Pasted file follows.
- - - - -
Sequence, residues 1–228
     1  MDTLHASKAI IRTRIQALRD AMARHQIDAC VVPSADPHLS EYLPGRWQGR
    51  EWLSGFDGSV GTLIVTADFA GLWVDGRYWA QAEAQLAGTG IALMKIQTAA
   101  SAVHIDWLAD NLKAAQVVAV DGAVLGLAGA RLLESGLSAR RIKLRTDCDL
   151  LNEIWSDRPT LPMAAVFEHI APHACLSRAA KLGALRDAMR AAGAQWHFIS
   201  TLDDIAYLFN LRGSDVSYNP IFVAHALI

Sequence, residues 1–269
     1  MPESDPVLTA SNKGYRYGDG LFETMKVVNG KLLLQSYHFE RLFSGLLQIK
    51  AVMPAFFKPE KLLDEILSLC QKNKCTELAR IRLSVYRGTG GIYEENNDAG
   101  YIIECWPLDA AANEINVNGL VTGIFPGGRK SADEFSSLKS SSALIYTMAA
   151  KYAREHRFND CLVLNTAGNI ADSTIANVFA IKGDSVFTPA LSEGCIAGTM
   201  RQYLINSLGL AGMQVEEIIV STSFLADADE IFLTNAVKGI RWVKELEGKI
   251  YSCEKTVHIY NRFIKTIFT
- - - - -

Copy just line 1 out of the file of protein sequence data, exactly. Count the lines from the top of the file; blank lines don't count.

Sequence, residues 1–228